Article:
The screening of visitors and permanent residents who apply for visas to Canada must be conducted in a more systemic and vigilant manner. Nothing less than the safety and protection of the public is at stake.
Canadian visa officers overseas are supposed to deny entry to people who are terrorists, have committed war crimes, have criminal records, are involved in organized crime, or have health conditions which will place excessive demands on the system. And yet there are worrying gaps in the information available to them, and in their ability to make an informed decision.
A new report by the Auditor General found “disturbing weaknesses” in the way Canada Border Services Agency and Citizenship and Immigration Canada screen applicants. Changes to what constitutes a threat to Canada’s public heath and safety have not been implemented, since the last audit in 2000.
Despite the fact that 56 diseases require national surveillance in Canada, visa officers only screen for two: syphilis and tuberculosis. This hasn’t changed in 50 years. CIC needs to modernize this policy – especially in an age of SARS and other infectious diseases. If someone does have a serious illness, visa officers are supposed to take into account a person’s ability to pay for their own medical care. And yet they have no way of knowing whether such a commitment is actually carried out following the person’s arrival in Canada.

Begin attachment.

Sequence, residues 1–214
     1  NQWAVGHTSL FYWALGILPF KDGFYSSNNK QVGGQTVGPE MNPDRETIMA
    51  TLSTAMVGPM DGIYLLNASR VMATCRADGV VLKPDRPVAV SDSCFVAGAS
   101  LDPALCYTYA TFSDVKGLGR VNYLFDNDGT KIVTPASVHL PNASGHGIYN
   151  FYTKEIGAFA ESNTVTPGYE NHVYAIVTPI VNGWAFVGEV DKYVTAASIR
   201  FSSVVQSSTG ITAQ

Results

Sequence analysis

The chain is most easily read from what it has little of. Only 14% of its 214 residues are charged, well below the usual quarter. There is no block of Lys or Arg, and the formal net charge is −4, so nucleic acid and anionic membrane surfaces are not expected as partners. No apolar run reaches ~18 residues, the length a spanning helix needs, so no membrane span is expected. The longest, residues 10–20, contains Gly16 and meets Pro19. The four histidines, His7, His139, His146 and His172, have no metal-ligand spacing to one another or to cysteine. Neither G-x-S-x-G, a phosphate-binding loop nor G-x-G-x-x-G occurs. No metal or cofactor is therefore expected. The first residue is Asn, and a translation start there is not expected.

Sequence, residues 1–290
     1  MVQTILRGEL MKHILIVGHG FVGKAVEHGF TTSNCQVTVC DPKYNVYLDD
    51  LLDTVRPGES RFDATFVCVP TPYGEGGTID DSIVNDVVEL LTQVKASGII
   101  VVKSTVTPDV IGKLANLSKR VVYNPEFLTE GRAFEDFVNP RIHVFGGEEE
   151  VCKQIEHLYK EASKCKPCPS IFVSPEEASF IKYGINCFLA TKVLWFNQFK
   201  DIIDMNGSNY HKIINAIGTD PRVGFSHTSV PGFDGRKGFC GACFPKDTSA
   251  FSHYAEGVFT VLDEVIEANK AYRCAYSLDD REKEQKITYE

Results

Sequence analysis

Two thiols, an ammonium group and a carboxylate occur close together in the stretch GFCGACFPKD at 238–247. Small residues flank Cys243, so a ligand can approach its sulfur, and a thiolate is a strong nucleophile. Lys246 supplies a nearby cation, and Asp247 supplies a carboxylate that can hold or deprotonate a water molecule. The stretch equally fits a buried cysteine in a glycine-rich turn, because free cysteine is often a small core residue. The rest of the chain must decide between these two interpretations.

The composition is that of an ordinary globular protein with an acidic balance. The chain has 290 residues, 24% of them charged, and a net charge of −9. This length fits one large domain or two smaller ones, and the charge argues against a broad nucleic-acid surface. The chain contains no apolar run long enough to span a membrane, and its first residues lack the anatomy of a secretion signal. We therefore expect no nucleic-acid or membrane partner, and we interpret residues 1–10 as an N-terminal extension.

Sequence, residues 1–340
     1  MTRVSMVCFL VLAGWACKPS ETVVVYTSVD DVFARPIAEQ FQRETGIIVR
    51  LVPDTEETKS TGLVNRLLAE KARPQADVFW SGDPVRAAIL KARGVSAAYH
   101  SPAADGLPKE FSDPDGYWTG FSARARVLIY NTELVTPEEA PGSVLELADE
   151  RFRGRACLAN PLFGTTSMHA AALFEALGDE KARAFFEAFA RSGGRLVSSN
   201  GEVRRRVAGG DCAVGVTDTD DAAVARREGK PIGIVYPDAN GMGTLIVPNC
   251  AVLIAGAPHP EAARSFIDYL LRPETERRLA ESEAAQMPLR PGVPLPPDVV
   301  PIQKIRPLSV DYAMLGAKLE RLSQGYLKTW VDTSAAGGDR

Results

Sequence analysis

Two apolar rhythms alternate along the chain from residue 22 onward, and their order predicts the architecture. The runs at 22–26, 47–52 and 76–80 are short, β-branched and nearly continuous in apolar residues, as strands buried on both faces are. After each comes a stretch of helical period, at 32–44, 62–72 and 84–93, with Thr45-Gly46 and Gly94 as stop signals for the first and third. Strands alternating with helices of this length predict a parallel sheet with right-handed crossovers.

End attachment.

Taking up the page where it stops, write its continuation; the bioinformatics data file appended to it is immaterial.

Better intelligence is also needed so that officers can identify applicants who are security risks. This is difficult to do when the CBSA does not have a formal agreement with the RCMP and other government agencies for full access to all security information.
The government should invest more resources in missions overseas so that visa officers have the time and resources to conduct more in-person interviews and to authenticate police certificate clearances. Their case loads are enormous: last year, they processed 1.04 million visitors, and 300,000 permanent residents.
Visas are an important tool used to safeguard the health and security of the country. But the basic elements -- training, updated manuals, clear and enforceable guidelines and support from Ottawa – must be in place or the system will lose its integrity and effectiveness.